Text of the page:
By Ruben Lowman
North Myrtle Beach residents and visitors can expect to see some work being done to the canals in the Cherry Grove section beginning this week.
The city announced that they would be conducting dredging of the sandbars in the canals, starting this Monday, at various locations along the minor channel from 53rd Avenue North, north to where the minor channel intersects with the main channel.
The section that is being dredged is just off the Heritage Shores Nature Preserve and near the Cherry Grove Park and Boat Ramp, which is a popular area for locals and tourists to go for recreational boating and fishing, as well as walking and relaxing within the preserve.
The project is allotted for up to 90 days but city officials estimate that it will only take between 30 and 60 days approxmately. The project is structured to be as unobtrusive as possible and officials said that the boat ramp, park/picnic area, fishing pier, main parking area and restrooms will remain open during the project.
The sandbar dredging project is in addition to the larger dredging that will occur over two phases, according to North Myrtle Beach spokesperson Pat Dowling. The first part took place between 2016 and 2017 and cost about $8.2 million to complete. Dowling said the second part is tentatively planned to occur around this time next year, but that could be altered.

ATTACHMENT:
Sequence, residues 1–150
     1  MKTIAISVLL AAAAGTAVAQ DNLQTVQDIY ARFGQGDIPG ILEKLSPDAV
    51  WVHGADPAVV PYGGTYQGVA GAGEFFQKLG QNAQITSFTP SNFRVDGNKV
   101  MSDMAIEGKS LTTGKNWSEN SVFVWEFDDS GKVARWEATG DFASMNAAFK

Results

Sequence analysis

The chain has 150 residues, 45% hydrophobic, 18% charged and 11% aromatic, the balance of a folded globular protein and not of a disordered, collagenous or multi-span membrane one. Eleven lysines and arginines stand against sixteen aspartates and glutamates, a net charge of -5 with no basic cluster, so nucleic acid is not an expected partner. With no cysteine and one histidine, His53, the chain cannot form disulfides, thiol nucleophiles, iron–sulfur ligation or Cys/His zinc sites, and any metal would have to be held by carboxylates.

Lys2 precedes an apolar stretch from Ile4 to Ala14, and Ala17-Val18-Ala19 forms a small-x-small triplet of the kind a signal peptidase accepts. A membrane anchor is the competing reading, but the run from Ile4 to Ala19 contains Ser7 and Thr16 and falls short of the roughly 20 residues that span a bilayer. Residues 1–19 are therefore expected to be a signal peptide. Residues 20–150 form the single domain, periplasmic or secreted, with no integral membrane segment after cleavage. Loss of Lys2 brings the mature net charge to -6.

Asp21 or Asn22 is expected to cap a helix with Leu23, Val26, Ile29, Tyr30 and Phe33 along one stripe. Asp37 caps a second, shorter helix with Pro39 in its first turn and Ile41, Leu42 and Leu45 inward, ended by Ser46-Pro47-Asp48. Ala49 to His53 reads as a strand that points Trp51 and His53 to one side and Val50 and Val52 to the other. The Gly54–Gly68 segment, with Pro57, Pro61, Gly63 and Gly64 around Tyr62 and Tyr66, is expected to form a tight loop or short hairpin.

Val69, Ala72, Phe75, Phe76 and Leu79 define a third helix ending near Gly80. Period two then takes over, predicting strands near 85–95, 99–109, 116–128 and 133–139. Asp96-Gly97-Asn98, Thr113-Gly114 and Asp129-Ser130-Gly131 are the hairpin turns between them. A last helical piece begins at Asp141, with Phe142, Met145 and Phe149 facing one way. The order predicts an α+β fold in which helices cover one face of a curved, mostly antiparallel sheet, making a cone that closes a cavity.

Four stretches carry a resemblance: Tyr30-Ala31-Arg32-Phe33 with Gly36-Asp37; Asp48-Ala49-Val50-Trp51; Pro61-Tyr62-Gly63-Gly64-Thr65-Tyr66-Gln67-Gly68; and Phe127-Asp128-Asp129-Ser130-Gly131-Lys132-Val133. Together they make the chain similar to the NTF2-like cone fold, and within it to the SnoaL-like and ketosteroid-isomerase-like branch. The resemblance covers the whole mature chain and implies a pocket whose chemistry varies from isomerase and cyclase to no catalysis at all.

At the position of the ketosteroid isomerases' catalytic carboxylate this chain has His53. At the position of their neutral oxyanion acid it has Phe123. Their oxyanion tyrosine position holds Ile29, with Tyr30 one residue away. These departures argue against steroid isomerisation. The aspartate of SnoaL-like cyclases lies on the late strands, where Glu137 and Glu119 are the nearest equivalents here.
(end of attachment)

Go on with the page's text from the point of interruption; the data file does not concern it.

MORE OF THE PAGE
“The Cherry Grove Dredging Project includes two dredges. The first is complete, and the second may occur in late 2022, however, that is not yet written in stone,” Dowling said.
The sandbar dredging that begins this week has been permitted by the U.S. Army Corps of Engineers and city officials said it could not be addressed during the initial dredging of the Cherry Grove canals. It is expected to cost $190,000 and officials said the contract has been granted to Coastal Dredging for the project.
Dowling said the funding for the small mechanical dredge to remove the sandbars is part of the overall Cherry Grove Dredging Project.
the contractor for the mechanical dredge will be using several pieces of heavy machinery to ensure the project is completed as planned. They will be using a barge and backhoe with dump trucks that will transport the material dredged from the canals to a final location.
According to city officials, when the contractor’s barge is filled with dredged material, it will be moved to the 52nd Avenue North Cherry Grove Boat Ramp and Park, where the dredged material will be offloaded and ultimately removed to a final location by dump trucks.
Dowling said the final location for the dredged material would not be the Tidewater Spoils Basin, which was used in the initial dredging five years ago.
“The contractor will use dump trucks to haul most of the material, which is mostly sand, out to a concrete contractor’s laydown area off Sandridge Road,” Dowling explained. “And, some of the sand will be left in the overflow parking area at the Cherry Grove Boat Ramp and Park for use as fill when the city constructs a bulkhead at the end of the overflow parking lot.”